15.) Negativity/Pessimism – A pervasive, lifelong focus on the negative aspects of life (pain, death, loss, disappointment, conflict, guilt, resentment, unsolved problems, potential mistakes, betrayal, things that could go wrong, etc.) while minimizing or neglecting the positive or optimistic aspects. Usually includes an exaggerated expectation – in a wide range of work, financial, or interpersonal situations – that things will eventually go seriously wrong or that aspects of one’s life that seem to be going well will ultimately fall apart. Usually involves an inordinate fear of making mistakes that might lead to financial collapse, loss, humiliation, or being trapped in a bad situation. Because they exaggerate potential negative outcomes, these individuals are frequently characterized by chronic worry, vigilance, complaining, or indecision.
17.) Unrelenting Standards/Hypercriticalness – The underlying belief that one must strive to meet very high internalized standards of behavior and performance, usually to avoid criticism. Typically results in feelings of pressure or difficulty slowing down and in hypercriticalness toward oneself and others. Must involve significant impairment in pleasure, relaxation, health, self-esteem, sense of accomplishment, or satisfying relationships.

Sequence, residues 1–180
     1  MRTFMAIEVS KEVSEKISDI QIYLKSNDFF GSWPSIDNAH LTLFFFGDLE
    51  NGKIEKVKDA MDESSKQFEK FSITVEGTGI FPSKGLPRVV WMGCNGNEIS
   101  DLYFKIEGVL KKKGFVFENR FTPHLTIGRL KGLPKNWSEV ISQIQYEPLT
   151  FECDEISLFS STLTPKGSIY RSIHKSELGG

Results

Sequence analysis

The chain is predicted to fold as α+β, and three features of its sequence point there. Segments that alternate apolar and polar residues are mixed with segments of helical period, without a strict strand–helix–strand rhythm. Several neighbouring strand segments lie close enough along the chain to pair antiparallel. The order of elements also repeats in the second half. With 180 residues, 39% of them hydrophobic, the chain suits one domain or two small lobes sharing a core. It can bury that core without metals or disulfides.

Unrelenting standards typically present as:
a. Perfectionism – inordinate attention to detail, or an underestimate of how good one’s own performance is relative to the norm.
b. Rigid rules and “shoulds” in many areas of life, including unrealistically high moral, ethical, cultural, or religious precepts.
c. Preoccupation with time and efficiency, the need to accomplish more.
As you can see, there are a great many ways the mind learns to cope in a maladaptive manner. It’s even more involved than just this though since there are various ways that each of these schemas presents, not just the basic outline that I’ve given so far. We’ll get there! The goal of schema therapy is to recognize which maladaptive schemas affect a person and work to change these negative coping mechanisms to healthier, more productive ones. Once you recognize and can see the problem at the core, that’s when it becomes possible to really get a handle on it in order to change it.